Many Australians have picked up new habits during the coronavirus lockdown with almost one in eight drinking alcohol every day since the pandemic began, a survey has found.
The Alcohol and Drug Foundation quizzed more than 1000 people with a concerning number reporting they were drinking more than usual.
One in 10 people reported consuming more than 10 standard drinks per week, increasing the risk of alcohol-related injury and diseases like cancer.
Associate Professor Terry Bowles, a habit formation expert from the University of Melbourne, said many people have picked up new habits since the pandemic began.
Today we launch a new campaign to raise awareness of how little habits can turn into big problems. Our aim is to help Australians recognise their new, unwanted habits and seek help to reduce their risky drinking. Help us spread the message: https://t.co/brmBPAK2gQ #breakthehabit pic.twitter.com/TJq78Piu3o
— ADF (@AlcoholDrugFdn) August 9, 2020
“Routine behaviours which can have a profound impact on our lives do not take a long time to form,” Professor Bowles said.
“So, as restrictions are gradually lifted across Australia and we emerge from months of isolation, we have passed the threshold of time required to establish new habits.”
Nearly one in five people said they wished they’d drunk less during the COVID-19 lockdown, with half hoping to cut down in the future.
The survey results come as the foundation launches a new campaign on Sunday, Break the Habit, to raise awareness of how quickly new habits can become embedded.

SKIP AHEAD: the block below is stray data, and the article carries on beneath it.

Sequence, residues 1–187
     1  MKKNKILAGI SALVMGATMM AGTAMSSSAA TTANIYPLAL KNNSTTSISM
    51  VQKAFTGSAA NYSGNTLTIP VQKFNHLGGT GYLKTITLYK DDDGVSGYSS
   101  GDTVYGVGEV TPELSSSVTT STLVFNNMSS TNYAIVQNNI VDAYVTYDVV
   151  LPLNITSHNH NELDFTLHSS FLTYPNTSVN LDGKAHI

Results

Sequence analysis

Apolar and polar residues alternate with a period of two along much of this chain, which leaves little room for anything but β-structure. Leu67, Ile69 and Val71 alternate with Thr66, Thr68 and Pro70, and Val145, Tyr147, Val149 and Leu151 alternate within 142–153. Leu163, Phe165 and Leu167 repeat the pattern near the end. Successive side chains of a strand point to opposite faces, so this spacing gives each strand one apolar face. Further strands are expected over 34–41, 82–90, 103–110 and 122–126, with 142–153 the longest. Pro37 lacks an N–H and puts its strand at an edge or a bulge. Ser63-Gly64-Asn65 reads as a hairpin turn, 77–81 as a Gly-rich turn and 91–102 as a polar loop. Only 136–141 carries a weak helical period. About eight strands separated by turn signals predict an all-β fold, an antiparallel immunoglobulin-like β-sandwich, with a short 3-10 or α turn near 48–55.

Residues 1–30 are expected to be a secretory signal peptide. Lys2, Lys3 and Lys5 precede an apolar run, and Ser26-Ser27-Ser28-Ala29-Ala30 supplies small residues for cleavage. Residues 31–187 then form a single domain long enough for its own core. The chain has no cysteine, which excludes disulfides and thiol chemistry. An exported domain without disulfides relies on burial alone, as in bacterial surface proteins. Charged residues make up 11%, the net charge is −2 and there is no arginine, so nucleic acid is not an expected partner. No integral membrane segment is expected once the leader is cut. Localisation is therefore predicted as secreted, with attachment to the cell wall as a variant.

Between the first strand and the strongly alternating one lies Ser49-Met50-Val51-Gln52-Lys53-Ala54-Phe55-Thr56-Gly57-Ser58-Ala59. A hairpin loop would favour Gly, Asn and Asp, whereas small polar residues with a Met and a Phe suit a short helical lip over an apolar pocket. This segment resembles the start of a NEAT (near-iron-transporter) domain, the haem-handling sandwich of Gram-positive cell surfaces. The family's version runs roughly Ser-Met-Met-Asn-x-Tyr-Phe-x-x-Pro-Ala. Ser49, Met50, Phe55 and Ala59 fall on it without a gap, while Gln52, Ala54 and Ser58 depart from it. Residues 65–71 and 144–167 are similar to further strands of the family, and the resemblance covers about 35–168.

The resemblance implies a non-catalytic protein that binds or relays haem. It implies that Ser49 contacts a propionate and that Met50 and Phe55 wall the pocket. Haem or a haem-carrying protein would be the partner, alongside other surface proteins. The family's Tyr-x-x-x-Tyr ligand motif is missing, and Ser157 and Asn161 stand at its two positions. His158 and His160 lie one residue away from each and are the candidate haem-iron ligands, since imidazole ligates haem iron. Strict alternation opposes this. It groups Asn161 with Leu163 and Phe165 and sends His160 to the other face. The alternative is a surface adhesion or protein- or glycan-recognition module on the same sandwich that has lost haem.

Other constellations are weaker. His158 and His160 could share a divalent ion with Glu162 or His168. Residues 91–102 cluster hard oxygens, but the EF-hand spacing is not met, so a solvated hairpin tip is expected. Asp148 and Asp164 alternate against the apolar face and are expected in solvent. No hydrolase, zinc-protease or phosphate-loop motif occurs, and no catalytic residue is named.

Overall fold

It will encourage people to consider their recent drinking patterns, help them recognise problem signs, and how to turn them around.
The campaign will also highlight that it takes just 66 days on average to form a habit, about the same period many Australians have spent in lockdown.
Even small increases to the amount of alcohol drunk can become harder to shift over time.
Alcohol and Drug Foundation chief executive Erin Lalor said it was unsurprising people had looked for different ways to cope.
“The last few months have been incredibly hard for everyone, particularly for those who have lost work, social connectedness and … lost loved ones,” Dr Lalor said.
“We’ve all been trying our best under challenging, never-before-seen circumstances.”
The longer a habit is left to form the harder it can be to change, Dr Lalor said.
She encouraged people to reach out for practical support.
“Even small steps such as introducing alcohol free days into your week, or having one less drink a day, can have a powerful impacts,” Dr Lalor said.